February 1, 2011 |

2011 February: Business Solutions – Portion Control

By Pizza Today

weighing ingredients portion control

We’ve beat this drum before, but we’ll continue to beat it until operators everywhere heed the call and begin taking portion control seriously. The fact of the matter is that portion control is sound business that should save you at least five percent on your food costs — and it’s incredibly easy to enact.
Let’s look at the average pizzeria, where gross annual sales would hover around $550,000. If food costs come in at 30 percent, that would mean that the shop purchases around $165,000 in ingredients yearly.

If portion control measures yielded a five percent decrease in food costs, that would save our hypothetical pizzeria $8,250 each year. If your employees are free-handing cheese — simply tossing on whatever looks “right” to them — rest assured your savings would be substantially higher should you begin a portion control program.

So, how do you get started? There are a variety of methods available, including in-line digital scales, spoodles, cups with ounce gradations and even pre-weighed cheese cups. The most accurate method would be to utilize a built-in digital scale on the make line. You can even get them recessed directly into your make line.

If you are looking to enact portion control on the cheap, that’s not a problem either. Big Dave Ostrander often likes to tell the story of how he put together a portion control program for next to nothing before he finally decided to purchase a digital scale.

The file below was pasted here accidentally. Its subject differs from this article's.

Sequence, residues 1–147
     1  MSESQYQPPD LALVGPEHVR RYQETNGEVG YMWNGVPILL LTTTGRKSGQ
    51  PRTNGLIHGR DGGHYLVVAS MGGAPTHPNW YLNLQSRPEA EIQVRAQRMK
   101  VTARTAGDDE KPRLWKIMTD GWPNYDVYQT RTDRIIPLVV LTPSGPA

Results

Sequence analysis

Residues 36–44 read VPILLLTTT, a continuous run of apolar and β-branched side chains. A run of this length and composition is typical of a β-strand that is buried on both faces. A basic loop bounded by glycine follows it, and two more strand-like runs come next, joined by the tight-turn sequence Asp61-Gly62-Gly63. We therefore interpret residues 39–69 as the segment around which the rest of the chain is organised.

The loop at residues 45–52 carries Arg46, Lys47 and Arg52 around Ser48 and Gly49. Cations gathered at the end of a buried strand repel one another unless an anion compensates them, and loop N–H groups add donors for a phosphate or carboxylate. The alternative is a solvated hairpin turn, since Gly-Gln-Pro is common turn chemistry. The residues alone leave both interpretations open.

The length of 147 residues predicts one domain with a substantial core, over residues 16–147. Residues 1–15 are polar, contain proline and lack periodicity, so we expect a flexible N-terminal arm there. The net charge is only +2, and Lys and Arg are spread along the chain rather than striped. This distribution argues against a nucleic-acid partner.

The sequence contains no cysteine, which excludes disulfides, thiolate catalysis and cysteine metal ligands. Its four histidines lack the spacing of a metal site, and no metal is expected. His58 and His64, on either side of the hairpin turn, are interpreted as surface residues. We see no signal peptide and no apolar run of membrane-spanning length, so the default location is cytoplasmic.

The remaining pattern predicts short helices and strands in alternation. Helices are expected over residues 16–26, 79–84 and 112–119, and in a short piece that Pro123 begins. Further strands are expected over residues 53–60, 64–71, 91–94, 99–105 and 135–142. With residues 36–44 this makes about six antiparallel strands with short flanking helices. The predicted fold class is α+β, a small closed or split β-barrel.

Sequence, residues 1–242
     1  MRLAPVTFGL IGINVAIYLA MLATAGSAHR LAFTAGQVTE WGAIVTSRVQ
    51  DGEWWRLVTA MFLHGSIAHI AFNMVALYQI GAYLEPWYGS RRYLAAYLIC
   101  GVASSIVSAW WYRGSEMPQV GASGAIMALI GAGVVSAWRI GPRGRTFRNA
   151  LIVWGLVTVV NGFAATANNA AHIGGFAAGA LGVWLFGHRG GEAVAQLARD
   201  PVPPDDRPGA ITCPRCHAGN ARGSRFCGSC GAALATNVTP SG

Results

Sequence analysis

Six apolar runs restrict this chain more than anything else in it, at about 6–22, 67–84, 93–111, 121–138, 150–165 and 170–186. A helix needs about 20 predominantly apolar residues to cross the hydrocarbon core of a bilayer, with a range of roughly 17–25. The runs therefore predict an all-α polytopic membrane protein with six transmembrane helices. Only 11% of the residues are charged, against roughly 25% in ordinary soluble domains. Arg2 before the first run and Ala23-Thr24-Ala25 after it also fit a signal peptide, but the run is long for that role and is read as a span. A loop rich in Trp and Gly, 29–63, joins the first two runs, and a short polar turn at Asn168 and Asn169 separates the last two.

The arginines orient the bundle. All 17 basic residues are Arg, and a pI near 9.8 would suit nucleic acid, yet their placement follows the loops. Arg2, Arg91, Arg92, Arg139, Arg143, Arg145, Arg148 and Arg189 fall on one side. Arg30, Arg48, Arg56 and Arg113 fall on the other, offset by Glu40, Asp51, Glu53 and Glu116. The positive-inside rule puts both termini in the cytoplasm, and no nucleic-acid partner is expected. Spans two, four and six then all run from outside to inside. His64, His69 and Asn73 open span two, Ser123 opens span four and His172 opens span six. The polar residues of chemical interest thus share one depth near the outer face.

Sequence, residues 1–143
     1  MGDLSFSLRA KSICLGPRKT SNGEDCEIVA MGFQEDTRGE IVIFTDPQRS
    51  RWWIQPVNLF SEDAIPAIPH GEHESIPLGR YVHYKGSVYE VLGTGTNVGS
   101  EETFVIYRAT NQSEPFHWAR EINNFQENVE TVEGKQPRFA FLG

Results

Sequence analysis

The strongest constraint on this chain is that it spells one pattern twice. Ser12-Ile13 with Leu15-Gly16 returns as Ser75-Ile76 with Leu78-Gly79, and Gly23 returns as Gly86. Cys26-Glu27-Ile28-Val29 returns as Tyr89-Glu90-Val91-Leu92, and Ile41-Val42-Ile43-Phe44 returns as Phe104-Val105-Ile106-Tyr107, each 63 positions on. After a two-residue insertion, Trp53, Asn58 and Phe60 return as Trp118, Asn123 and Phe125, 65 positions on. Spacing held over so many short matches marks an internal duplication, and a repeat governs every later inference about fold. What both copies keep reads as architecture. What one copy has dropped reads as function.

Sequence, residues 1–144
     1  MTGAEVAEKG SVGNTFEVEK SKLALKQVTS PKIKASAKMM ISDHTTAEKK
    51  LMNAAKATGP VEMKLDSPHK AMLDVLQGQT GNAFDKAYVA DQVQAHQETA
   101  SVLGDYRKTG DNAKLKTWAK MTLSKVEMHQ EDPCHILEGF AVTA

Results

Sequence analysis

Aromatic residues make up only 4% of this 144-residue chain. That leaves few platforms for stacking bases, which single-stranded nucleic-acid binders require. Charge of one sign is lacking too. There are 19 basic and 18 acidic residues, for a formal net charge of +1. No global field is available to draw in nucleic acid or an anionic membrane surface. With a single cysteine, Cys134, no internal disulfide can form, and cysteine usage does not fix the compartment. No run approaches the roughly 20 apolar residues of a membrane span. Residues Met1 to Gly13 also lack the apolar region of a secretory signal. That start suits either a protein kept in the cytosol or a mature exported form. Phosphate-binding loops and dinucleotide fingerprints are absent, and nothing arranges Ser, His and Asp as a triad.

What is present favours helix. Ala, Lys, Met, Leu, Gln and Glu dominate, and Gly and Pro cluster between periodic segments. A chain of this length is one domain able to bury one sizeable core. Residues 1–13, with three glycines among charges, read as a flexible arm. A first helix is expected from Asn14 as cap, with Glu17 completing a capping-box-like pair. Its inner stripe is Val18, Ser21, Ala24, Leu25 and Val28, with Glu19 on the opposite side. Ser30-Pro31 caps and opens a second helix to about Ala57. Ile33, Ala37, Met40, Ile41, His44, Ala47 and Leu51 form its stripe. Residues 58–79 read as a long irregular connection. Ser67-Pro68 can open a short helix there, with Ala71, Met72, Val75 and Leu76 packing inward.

“I purchased several hundred 22-ounce rubber cups from a Dollar Store,” Ostrander admits. “Packs of six only cost a dollar at the time. They were unbreakable, washable and reusable. As a normal part of the daily prep, we weighed out our cheese just like we weighed out our dough balls. There is a big difference in a penny an ounce for dough and a dime or more an ounce for cheese!”

Ostrander says the result was that he cut his cheese usage by 20 percent.

“For me,” he says, “that was over 200 pounds a week.”

After you get a grip on your portion sizes, it’s a good idea to next go through your entire menu and document the proper weights for each ingredient in each dish. This will not only breed consistency, but will help you determine whether any of your menu items are underpriced.